18 July 2011

Have you tried homemade laundry liquid?

It was raining and cold here on the weekend, I had a few things to catch up on, and one of them was a batch of laundry liquid. I know many of you already use this but there are many who haven't made the leap yet, so I'm hoping that another post about how easy it is to make and how much it will save you, will be the push you need towards making a batch yourself.

All you need is water, soap, borax and washing soda, all the products are usually available at the supermarket.  The soap can be either soap flakes or soap that you've grated yourself and it can be any kind of soap - laundry soap, homemade soap or Sard soap, if you want an extra cleaning boost in your washing machine. Sard soap contains an oxy-bleach and would be excellent if you're washing a lot of white clothes or you have children or a tradesman in the family.

In addition to your ingredients, you'll need a medium sized saucepan, a slotted spoon to stir with, 10 litre bucket,  funnel, jug and containers to hold 10 litres of laundry liquid.

Above you can see the process. The ingredients are measured into a saucepan containing one litre/quart of water. Add one cup of soap flakes, half a cup of borax and half a cup of washing soda. Turn on the heat and stir. Bring the mix to the boil, stirring as it heats, and by the time the mixture is boiling, ALL the ingredients should be dissolved.

So, you've nearly finished and it's only taken less than ten minutes so far. When you're sure it's completely dissolved, pour the mixture into your 10 litre bucket and fill the bucket to the top with water from the tap.  You've made laundry liquid!  And it's cost you about $2 Australian. If you bought the equivalent about of laundry liquid here it would cost you between $80 and $90 (see below for cost comparisons in USA and UK). So when you take into account the making, pouring and storing, it's taken you about 30 minutes. I make this about once every four months. If you have a large family, you might make it every two months. And it will save you about $80 every time you make it. How long would you have to work to make $80? Saving it is much easier.

Once you have the laundry liquid in your bucket, stir it around again, then start filling your containers. It's important to leave enough room in your containers to shake the liquid before you use it because it will separate. See below for more information about this. As you can see, I store my laundry liquid in a five litre blue container, a three litre glass jar, a one litre glass jar and a 750 ml bottle. I use the bottled laundry liquid for cleaning. It's great for cleaning up spills, for cleaning around light switches, door handles, walls and floors. I use that little blue scoop to put the liquid into my front loader washing machine and I always use the one litre jar as my working jar. When it's empty, I refill it from the larger containers.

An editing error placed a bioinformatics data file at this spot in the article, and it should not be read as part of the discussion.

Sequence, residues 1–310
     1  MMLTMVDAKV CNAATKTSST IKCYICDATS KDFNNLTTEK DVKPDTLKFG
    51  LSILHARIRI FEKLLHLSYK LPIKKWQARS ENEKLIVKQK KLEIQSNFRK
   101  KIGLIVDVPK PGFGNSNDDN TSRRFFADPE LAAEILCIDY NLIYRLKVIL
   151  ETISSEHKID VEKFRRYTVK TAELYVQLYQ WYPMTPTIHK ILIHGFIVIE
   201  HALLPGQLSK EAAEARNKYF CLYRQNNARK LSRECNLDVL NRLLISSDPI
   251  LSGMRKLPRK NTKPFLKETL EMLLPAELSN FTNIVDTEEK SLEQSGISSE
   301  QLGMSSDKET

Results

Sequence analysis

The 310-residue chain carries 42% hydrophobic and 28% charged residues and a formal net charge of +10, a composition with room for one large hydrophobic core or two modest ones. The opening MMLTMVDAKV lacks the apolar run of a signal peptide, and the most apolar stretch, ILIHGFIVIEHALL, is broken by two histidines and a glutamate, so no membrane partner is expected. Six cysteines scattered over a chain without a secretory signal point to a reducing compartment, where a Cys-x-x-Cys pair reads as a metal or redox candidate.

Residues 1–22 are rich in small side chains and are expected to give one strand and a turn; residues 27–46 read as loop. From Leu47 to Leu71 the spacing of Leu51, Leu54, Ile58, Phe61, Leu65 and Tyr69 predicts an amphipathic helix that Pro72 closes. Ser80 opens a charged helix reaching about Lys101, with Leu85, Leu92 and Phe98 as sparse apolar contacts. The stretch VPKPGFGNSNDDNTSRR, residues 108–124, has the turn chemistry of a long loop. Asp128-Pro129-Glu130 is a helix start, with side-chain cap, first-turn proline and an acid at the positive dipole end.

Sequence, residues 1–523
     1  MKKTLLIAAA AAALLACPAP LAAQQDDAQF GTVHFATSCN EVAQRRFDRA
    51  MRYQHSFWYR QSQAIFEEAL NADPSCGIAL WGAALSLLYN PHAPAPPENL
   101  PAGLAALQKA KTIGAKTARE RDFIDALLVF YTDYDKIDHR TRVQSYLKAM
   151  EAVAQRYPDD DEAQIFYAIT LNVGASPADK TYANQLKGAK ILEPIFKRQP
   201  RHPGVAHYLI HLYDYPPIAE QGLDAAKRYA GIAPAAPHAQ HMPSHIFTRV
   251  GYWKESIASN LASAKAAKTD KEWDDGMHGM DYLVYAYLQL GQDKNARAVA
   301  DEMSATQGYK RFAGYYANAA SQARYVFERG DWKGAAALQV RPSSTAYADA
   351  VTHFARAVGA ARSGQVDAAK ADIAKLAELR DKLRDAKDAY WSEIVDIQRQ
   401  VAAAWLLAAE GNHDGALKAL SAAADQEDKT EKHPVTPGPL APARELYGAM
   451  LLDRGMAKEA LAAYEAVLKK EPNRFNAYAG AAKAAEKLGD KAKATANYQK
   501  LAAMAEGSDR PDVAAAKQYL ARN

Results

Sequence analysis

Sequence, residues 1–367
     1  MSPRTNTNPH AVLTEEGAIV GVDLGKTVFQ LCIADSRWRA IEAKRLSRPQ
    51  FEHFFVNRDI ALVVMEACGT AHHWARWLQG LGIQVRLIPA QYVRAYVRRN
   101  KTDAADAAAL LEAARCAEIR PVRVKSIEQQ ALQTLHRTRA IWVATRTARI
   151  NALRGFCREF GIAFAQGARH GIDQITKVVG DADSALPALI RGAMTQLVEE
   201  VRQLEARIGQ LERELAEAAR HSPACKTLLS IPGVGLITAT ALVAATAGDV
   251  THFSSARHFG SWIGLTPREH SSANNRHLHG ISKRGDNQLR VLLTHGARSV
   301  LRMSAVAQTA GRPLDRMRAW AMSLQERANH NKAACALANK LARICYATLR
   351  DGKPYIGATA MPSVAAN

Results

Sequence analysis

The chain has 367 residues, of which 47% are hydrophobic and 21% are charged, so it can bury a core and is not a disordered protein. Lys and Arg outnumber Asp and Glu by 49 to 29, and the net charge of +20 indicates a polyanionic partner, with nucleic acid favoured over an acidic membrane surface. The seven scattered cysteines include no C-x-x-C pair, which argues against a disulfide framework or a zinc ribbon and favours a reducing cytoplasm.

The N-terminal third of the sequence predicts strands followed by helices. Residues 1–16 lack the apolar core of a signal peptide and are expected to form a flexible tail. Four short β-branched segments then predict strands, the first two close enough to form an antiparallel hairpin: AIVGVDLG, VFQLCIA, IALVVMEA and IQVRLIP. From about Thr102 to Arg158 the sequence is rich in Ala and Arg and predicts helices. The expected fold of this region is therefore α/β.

Above is the laundry liquid after it's been sitting for 24 hours. It's clearly separated into to layers - the top layer is gel-like, the bottom layer is watery. You need that space in your container to shake and mix before you use it.

And here is my cleaning liquid that I shook just to show you what it looks like. So don't think you've done anything wrong if your mixture separates, it's fine, it just needs a good shake. And to answer Shelly's question yesterday, this is safe in septic tanks but not for grey water. The borax in the mix builds up as boron in the garden and that is harmful to plants. If you want to use your grey water, leave out the borax.

ADDED LATER: This is also an excellent stain remover. I rub it thoroughly onto a stain with my fingers, let it sit for an hour, then put it in with the normal wash. It works.
Don't expect homemade laundry liquid, or the powder, to make suds. Clean washing doesn't need suds to make it clean. The froth and bubbles you get with commercial cleaners is made with chemicals not needed for cleaning but are included because they think we want bubbles.

I've written before about the small steps we all take. This is one of them. This small step doesn't cost a lot, it is easy to make and it lasts a long time. But if you do it, it will save your hard earned money, it will mean you'll have fewer chemicals in your home, you'll buy less packaging and the water you eventually send into the system will not be laden with salt, phosphorus and fillers. Maybe this small step is not so small after all.


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